Rookies to the Stock Market: A Portrait of New Shareholders2016In: Research In International Business and Finance, ISSN 0275-5319, E-ISSN 1878-3384, Vol. 38, no 3, p. 565-576Article in journal (Refereed)
    Abstract [en]

    This study examines individuals entering the stock market, “rookies.” The study uses unique ownership data, containing investor holdings of all listed Swedish firms over the sample period from 2004 to 2010, to examine rookies’ stock portfolios. In addition, this study explores investor sophistication among rookies, based on individual characteristics and portfolio composition. Although the average shareholder is aging and leaving the stock market, this study shows there are signs of rejuvenation, with rookies entering the stock market. The results show that the majority of rookies hold under-diversified stock portfolios and choose one large firm as their first stock market investment. Rookie characteristics display gender differences, in which the average female rookie has lower income, is older, but holds a larger stock portfolio than her male counterpart.

  • 7.
    Abrahamson, Martin
    Uppsala University, Disciplinary Domain of Humanities and Social Sciences, Faculty of Social Sciences, Department of Business Studies.
    The Individual Investor and the Future Stock Market2013In: European Financial Management Association 2013 Annual Meetings: 2013 "Merton H. Miller" Doctoral Students Seminar / [ed] Professor John Doukas, 2013Conference paper (Refereed)
    Abstract [en]

    Individual shareholder investors are generally described in academic literature to act with a short investment horizon, have psychological biases and a typical herding behavior. Previous studies have distinguished between individual and institutional investors, their trading patterns and portfolio performance. This article focus on describing the individual investor over the time period 2004 to 2010, with a special interest in the new investors coming to the stock market during this period. Earlier studies focusing on individuals have mainly been based on either aggregated trading data by brokers and/or surveys, while I base my study on the actual individual holdings from the national central registrar. The database contains ownership information on all the directly owned shares in Sweden (approx.2 million investor portfolios).

    This study focus on individuals investing in the stock market for their first time during the latter years. Previous literature has described the individual investor to be declining and aging, which could be interpreted as the end of individual shareholders as stock market investors. If there is a future for the stock market as trading arena for individuals, there needs to be some rejuvenation amongst the shareholders. The study show that although the average shareholder is aging, which indicates that shareholders stick to their shares, there are new younger shareholders still attracted by the stock market. Preliminary results also suggest a decline in the gender imbalance amongst shareholders.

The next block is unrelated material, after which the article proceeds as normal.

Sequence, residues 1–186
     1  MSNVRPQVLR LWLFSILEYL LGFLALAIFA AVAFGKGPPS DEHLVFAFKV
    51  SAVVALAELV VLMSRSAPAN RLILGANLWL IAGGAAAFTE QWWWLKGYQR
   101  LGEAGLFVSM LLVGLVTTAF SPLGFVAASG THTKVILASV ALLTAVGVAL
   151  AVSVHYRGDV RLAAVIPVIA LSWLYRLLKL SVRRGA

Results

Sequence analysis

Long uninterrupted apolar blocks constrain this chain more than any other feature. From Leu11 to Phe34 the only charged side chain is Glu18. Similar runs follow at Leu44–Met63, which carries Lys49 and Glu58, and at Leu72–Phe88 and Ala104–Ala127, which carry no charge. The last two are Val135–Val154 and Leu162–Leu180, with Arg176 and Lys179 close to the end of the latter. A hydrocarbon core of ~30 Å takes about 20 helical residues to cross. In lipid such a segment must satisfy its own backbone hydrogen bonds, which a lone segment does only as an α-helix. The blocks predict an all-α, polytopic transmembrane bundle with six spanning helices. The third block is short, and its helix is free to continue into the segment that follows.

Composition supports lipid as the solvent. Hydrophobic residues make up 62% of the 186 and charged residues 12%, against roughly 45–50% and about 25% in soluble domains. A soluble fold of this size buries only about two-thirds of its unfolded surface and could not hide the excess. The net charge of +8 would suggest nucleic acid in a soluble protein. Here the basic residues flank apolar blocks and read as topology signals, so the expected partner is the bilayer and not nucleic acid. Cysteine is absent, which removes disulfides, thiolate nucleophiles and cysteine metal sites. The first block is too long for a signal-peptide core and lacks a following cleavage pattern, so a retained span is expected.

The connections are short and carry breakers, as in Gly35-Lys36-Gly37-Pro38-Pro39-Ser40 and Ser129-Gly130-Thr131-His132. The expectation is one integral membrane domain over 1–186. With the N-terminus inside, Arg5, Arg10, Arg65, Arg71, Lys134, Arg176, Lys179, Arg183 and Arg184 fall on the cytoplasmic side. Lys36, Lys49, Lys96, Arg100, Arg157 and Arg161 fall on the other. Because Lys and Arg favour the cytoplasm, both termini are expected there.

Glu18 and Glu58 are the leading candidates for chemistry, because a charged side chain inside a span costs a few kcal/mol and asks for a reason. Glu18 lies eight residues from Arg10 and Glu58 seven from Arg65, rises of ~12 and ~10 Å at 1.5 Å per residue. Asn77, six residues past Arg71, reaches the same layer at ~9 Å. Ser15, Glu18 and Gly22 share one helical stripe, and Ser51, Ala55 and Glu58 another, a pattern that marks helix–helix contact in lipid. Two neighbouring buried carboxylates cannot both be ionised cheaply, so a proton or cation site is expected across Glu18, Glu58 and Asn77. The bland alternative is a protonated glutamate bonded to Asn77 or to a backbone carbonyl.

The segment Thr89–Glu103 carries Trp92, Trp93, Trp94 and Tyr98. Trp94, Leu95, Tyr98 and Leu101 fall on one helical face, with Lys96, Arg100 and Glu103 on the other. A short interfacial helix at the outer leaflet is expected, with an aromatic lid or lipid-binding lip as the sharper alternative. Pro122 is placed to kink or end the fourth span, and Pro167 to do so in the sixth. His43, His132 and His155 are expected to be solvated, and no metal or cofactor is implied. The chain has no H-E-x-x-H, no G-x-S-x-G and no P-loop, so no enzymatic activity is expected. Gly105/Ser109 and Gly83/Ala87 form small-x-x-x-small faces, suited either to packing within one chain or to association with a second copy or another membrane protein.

• 8.
    Abrahamson, Martin
    Uppsala University, Disciplinary Domain of Humanities and Social Sciences, Faculty of Social Sciences, Department of Business Studies. Högskolan på Gotland.
    Who are They?: - The Swedish and other European Shareholders in Sweden, before and during the current financial crisis2013In: European Integration in Swedish Economic Research: The 15h Annual SNEE European Integration Conference in Mölle, Sweden May 21st-24th 2013 / [ed] Lars Oxelheim, 2013Conference paper (Refereed)
    Abstract [en]

    Early working idea of a paper, please do not quote or publish, without permission from the author

     First version, April 2013

    Individual shareholder investors are generally described in literature to act with a short investment horizon, have biases and a typical herding behavior. This article focus on describing the individual investor over the time period 2004-2010, with special interest in new domestic and European investors. Earlier studies of individuals have mainly been based on either aggregated brokerage data and/or surveys, this study is based on the actual individual holdings. The database contains ownership information on all the directly owned shares in Sweden (~ 2 million investor portfolios).

    The study focus on individuals, investing in the stock market for their first time, during the latter years. Previous literature describes the individual investors as declining and aging, which could be interpreted as the beginning of the end of individual shareholders as stock market investors. If there is a future for the stock market as trading arena for individuals, there needs to be some rejuvenation amongst the shareholders. The study show that although the average shareholder is aging, which indicates that shareholders stick to their shares, there are new younger shareholders still attracted by the stock market. Preliminary results also suggest a decline in the gender imbalance amongst shareholders.

  • 9.
    Abrahamson, Martin
    Uppsala University, Disciplinary Domain of Humanities and Social Sciences, Faculty of Social Sciences, Department of Business Studies.
    Who Bought Cheap IPOs?: A Study of Shareholders in Swedish IPOs 2006–20162018In: Proceedings of 2018 Annual London Business Research Conference / [ed] Prof. Mohammad Hoque, 2018Conference paper (Refereed)
    Abstract [en]